Executive Functioning and the Role of Music
Executive Functioning is a term that describes a set of mental skills which includes:
- Working memory.
- Flexibility in thinking.
- Self-control, or impulse control.
As children develop so do their executive functioning skills, however, sometimes children have trouble with these skills. This can result in:
- Difficulty focusing.
- Difficulty in following directions.
- Difficulty in handling emotions.
- Difficulty in controlling impulses.
Did you know music has the capacity to foster change and growth in these areas?
There is a relationship between music and executive functioning. Researchers have been studying the link between the power of music and executive functioning. The British Journal of Psychology published a study in 2011 which showed that, unlike language, music is a “uniquely spatio-temporal’ domain of activity, which engages both hemispheres of the brain. This means that while you and your child are in a music class, or using music at home, children’s brains are being engaged in a ‘whole brain’ experience. This multi-sensory experience is one of the most optimal ways to foster development.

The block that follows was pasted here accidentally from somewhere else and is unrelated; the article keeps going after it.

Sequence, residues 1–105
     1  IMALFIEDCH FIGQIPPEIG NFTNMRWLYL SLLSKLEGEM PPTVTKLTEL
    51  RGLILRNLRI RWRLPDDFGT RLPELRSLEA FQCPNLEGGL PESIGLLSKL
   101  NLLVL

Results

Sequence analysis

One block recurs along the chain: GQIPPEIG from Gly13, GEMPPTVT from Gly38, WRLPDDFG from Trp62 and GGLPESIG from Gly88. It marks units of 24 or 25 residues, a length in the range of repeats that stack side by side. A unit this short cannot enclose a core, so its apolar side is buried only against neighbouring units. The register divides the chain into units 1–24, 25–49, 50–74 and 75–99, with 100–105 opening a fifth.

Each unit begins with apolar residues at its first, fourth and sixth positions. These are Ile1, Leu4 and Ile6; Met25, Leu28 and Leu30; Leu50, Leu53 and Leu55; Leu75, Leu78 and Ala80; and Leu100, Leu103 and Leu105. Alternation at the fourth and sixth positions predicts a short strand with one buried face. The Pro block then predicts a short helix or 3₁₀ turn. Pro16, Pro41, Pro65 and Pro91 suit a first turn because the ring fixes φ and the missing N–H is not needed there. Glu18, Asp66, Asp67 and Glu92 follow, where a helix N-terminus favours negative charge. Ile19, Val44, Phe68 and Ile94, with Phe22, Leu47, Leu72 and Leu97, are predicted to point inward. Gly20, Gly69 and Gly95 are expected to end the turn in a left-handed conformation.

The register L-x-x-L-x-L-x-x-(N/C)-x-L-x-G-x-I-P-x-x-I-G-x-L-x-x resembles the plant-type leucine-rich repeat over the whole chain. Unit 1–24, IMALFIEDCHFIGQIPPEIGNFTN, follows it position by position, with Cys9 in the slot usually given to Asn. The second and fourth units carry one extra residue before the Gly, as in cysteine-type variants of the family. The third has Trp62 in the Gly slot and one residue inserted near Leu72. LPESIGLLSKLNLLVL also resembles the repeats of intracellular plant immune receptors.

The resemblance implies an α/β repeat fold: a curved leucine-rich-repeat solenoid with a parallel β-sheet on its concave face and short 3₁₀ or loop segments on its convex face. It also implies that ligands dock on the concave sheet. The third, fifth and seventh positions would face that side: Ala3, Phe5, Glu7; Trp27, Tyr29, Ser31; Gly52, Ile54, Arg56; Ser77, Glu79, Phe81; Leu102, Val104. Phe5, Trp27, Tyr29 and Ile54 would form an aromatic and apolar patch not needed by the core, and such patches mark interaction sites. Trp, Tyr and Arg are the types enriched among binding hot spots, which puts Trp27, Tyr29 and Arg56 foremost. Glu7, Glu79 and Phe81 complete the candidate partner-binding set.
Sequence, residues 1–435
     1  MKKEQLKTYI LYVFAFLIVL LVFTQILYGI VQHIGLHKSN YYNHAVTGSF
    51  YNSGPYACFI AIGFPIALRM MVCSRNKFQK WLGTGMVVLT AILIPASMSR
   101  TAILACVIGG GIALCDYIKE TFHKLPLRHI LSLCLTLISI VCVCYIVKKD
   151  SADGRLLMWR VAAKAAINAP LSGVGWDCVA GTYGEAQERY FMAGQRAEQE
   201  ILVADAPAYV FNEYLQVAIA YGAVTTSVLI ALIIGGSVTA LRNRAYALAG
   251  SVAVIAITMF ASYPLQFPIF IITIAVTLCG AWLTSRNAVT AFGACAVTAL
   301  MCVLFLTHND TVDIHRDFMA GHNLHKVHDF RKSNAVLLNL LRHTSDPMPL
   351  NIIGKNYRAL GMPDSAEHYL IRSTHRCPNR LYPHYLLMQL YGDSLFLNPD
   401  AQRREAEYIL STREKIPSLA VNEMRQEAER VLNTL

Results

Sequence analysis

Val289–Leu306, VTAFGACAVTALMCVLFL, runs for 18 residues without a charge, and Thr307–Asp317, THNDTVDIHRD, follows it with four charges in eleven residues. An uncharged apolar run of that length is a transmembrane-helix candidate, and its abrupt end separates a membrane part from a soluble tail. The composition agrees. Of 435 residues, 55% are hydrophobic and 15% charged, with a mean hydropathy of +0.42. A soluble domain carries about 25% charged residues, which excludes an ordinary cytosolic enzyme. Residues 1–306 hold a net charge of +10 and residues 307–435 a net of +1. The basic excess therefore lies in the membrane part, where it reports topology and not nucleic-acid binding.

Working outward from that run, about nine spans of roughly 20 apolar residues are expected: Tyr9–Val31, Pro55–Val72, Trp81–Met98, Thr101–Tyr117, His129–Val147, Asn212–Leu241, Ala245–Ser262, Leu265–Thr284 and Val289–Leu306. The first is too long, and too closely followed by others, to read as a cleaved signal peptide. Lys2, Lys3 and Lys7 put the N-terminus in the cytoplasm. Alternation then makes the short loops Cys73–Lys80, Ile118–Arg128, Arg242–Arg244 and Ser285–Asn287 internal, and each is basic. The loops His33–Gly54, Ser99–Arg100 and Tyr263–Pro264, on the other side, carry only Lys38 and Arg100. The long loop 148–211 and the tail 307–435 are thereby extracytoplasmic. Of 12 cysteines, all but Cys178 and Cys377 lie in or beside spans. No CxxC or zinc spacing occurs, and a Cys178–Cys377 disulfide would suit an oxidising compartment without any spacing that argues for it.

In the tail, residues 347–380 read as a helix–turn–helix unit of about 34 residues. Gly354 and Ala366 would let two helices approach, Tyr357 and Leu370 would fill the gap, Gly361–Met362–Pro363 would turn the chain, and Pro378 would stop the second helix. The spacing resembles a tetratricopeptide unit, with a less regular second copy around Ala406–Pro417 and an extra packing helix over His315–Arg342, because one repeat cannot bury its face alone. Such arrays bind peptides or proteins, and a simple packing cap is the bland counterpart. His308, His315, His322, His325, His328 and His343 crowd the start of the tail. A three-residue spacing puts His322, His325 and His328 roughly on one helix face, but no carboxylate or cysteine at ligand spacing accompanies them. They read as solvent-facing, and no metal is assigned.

Recently MacPhail Center for Music embarked on conducting a study looking at the impact of music on executive functioning in young children. Currently, this study awaits publication, and while we cannot discuss the results at length, it was found that music has a significant impact on these skills.
The Sing, Play, Learn experience:
Teaching artists at MacPhail Center for Music, tailor and craft the musical experience to meet the needs of the children in their classrooms. We use Start/Stop songs to foster impulse control. We use “call and response” songs to foster following directions and listening skills. We use counting songs for cognitive development and working memory and for highlighting patterns that foster higher levels of thinking.